Completed in 1897 as Chicago’s first central public library, the Chicago Cultural Center was designed to impress and to prove that Chicago had grown into a sophisticated metropolis. The country’s top architects and craftsmen used the most sumptuous materials. Rare imported marbles, polished brass, fine hardwoods, and mosaics of Favrile glass, mother-of-pearl and coloured stone, to create an architectural showplace
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The inlaid marble staircases at the southern (Washington Street) end of the cultural centre are particularly spectacular. Perhaps moreso with the famous Tiffany dome beyond the end of the stairs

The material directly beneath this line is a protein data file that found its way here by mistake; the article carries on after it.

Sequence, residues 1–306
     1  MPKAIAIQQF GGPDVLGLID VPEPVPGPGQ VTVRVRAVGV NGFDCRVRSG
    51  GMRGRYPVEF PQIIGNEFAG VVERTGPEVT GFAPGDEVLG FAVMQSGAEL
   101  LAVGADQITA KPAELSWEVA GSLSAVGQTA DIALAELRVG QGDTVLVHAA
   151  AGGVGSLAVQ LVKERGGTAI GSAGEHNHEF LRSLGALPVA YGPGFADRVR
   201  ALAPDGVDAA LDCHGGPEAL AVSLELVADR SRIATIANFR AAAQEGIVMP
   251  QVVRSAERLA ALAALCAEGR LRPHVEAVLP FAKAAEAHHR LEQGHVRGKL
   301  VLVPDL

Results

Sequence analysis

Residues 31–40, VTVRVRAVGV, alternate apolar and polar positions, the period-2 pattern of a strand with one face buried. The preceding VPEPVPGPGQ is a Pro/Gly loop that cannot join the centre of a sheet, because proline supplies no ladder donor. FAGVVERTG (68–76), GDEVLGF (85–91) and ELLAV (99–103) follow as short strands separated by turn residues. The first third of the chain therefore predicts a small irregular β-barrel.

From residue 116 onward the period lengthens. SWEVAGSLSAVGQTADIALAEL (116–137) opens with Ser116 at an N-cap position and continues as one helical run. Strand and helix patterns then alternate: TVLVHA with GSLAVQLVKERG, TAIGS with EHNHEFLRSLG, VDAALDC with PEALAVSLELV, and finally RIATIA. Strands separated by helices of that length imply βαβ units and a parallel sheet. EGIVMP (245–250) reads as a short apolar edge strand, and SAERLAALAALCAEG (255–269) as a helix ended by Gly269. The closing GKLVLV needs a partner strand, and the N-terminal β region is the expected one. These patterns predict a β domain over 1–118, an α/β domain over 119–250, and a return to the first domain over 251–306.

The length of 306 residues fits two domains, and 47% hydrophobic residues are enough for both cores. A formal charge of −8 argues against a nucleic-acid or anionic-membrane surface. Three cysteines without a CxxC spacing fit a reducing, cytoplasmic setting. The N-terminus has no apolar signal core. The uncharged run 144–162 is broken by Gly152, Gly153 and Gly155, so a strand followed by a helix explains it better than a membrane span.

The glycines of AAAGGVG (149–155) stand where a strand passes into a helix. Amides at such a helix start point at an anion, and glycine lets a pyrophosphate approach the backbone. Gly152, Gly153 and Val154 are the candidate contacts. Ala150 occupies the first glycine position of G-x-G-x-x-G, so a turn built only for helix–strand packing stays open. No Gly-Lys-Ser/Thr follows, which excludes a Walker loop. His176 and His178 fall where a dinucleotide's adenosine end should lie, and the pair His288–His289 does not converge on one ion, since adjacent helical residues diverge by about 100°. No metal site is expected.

An arched portal, bronze-framed doors, and a 3-story, vaulted lobby with walls of white Carrara marble and mosaics. The staircase is also of white Carrara marble, set with medallions of green marble from Connemara, Ireland, and intricate mosaics of Favrile glass, stone, and mother of pearl. The stairway to the 5th floor was inspired by Venice’s Bridge of Sighs
In 1991, the building was established as the Chicago Cultural Center by the Chicago Department of Cultural Affairs. Becoming the nation’s first and most comprehensive free municipal cultural venue